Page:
At www.physorg.com/print248597825.html … we learn that a paper in Nature claims the extraordinarily high energy emissions at the heart of the Crab Nebula come not from a pulsar at its core but from wind. The pulsar is what is left from after a large supernovae event, theorised as being a neutron star that spins 30 times a second – and appears to pulse in the process. Until now scientists have assumed the energy comes from the pulsar – as it arrives in bursts. However, it seems the energy does not come from the pulsar after all but to a point somewhat near it and this has led to an attempt to explain it as wind. The wind also has an electro-magnetic origin.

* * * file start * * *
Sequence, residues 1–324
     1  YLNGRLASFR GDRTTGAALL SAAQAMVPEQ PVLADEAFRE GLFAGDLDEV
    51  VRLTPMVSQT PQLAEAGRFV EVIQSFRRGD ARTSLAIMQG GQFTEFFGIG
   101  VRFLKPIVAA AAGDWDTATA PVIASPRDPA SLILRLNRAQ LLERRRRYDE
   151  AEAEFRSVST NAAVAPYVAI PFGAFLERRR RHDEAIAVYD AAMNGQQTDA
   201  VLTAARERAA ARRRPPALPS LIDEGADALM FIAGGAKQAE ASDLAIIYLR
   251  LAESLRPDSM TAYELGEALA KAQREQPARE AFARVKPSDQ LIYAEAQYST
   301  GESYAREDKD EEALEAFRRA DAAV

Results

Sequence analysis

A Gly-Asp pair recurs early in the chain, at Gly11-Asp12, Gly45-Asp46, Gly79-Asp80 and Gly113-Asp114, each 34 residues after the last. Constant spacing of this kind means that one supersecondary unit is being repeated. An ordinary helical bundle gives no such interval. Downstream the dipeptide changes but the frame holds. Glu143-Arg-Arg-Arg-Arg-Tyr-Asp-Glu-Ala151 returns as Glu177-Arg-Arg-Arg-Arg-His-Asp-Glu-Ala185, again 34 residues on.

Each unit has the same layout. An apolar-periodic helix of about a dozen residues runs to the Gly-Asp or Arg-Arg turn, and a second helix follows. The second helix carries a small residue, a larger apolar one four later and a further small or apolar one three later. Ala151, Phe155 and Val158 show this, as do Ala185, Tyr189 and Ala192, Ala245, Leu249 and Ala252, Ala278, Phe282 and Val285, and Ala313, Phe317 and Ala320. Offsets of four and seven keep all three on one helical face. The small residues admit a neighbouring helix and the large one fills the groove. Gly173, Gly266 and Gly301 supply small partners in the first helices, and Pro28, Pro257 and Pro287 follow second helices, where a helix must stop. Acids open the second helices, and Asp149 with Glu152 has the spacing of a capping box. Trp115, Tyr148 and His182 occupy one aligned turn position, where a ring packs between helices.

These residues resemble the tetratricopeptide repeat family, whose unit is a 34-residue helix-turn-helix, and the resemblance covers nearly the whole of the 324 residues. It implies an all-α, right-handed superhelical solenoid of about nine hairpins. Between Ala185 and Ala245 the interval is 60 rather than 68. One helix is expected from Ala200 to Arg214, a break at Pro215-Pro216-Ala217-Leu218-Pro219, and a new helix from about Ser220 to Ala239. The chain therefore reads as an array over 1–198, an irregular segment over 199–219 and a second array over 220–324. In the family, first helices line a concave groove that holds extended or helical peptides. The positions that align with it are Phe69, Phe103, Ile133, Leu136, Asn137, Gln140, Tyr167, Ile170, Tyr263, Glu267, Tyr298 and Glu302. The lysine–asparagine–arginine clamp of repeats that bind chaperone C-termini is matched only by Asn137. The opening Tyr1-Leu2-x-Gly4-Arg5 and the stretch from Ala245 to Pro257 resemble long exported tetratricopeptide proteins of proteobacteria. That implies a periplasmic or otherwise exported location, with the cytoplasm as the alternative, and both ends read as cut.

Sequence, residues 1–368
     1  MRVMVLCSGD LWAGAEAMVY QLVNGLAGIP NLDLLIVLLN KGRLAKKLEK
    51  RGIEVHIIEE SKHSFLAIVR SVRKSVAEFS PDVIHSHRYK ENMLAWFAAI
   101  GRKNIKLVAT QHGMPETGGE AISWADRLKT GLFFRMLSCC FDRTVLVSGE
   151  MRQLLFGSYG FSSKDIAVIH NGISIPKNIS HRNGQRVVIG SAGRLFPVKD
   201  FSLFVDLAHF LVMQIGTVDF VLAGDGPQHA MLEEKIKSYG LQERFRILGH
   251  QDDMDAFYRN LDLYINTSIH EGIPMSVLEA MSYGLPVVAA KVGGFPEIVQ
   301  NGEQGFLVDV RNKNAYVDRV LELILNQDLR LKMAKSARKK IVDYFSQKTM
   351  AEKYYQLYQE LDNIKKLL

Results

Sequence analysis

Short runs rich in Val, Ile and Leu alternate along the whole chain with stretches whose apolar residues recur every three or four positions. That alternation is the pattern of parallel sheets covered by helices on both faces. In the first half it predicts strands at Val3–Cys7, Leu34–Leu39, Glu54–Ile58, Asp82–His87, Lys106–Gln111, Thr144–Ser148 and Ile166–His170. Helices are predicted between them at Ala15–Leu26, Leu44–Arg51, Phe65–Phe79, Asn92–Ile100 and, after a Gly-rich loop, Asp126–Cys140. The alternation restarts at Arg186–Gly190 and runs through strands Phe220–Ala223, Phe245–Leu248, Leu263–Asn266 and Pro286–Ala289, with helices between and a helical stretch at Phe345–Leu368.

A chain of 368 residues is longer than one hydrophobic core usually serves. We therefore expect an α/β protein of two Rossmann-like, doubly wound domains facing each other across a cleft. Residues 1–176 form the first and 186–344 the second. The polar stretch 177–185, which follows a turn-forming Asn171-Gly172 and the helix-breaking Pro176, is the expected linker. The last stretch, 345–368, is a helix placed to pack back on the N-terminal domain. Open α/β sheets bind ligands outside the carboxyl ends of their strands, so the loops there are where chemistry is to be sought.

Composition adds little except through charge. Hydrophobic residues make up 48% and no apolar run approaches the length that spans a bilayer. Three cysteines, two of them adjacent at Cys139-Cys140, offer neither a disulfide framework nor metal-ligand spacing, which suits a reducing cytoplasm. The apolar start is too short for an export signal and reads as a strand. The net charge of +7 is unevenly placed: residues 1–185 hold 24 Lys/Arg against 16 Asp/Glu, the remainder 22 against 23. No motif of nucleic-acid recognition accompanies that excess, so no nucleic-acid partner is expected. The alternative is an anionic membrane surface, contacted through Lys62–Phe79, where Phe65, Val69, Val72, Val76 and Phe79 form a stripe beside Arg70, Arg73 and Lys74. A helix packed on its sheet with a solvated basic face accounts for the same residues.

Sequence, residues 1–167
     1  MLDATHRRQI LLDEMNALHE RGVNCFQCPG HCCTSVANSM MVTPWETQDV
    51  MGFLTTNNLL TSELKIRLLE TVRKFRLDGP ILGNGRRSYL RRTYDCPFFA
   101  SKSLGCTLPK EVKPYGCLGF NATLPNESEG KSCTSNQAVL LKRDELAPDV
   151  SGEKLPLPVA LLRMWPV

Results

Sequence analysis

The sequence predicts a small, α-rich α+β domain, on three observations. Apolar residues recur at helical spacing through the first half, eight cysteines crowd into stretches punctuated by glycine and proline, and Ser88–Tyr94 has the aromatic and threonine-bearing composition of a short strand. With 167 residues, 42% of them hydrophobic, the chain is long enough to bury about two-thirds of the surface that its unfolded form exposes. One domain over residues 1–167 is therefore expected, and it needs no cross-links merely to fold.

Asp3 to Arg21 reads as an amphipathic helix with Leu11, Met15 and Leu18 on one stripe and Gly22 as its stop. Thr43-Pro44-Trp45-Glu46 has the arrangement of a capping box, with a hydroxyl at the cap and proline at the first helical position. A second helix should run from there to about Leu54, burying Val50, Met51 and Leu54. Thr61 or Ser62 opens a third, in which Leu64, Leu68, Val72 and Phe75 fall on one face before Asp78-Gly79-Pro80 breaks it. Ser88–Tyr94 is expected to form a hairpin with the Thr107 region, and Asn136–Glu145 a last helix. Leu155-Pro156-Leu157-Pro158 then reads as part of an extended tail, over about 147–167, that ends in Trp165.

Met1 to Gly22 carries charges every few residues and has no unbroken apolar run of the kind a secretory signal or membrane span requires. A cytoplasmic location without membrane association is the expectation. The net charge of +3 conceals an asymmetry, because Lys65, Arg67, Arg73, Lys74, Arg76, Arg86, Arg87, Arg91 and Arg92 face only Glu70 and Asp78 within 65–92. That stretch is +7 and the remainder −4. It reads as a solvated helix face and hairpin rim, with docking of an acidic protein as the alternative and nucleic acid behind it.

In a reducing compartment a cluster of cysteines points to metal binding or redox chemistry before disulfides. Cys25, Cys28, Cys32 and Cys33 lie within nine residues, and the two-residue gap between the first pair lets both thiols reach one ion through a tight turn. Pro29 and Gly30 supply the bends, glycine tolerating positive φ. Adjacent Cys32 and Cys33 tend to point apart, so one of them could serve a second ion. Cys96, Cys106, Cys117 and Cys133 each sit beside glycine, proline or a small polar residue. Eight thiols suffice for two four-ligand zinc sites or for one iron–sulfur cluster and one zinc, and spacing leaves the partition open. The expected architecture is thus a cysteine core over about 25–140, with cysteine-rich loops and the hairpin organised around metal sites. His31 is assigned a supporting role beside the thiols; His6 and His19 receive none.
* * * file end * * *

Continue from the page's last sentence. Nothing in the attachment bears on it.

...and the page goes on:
At www.physorg.com/print248527061.html and at www.sciencedaily.com/releases/2012/02/120215142954.htm under the headline, Plasma torn apart: discovery hints at origin of phenomena like solar flares and is derived from research by Caltech scientists (published in Nature, Feb 16th) and is basically about magnetic reconnection during a solar flaring event. Large pieces of plasma erupt from the Sun and using high speed cameras to look at the jets of plasma in the laboratory they claim to reproduce what happens in the sky – but did they? The experiment required 200 million watts of power to produce jets of 20,000 degrees Kelvin and carry a current of 100,000 amps. At this point the camera was applied, snapshots of less than a microsecond (one millionth of a second). The technology is breathtaking but they found a cordscrew shape develop in the jets that grew exponentially and extremely fast, forming coils with ripples that appeared just before they broke – a moment before magnetic reconnection, in what is known as a Rayleigh Taylor instability. As the coiled plasma expands it accelerates outwards, the plasma trying to swap places with the trailing vacuum by forming ripples etc.